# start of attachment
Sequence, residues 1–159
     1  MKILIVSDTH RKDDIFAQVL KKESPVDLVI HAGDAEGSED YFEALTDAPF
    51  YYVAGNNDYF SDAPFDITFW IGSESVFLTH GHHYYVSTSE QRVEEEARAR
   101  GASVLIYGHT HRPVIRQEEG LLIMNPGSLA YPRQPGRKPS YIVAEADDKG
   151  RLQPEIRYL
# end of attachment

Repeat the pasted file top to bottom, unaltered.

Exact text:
Sequence, residues 1–159
     1  MKILIVSDTH RKDDIFAQVL KKESPVDLVI HAGDAEGSED YFEALTDAPF
    51  YYVAGNNDYF SDAPFDITFW IGSESVFLTH GHHYYVSTSE QRVEEEARAR
   101  GASVLIYGHT HRPVIRQEEG LLIMNPGSLA YPRQPGRKPS YIVAEADDKG
   151  RLQPEIRYL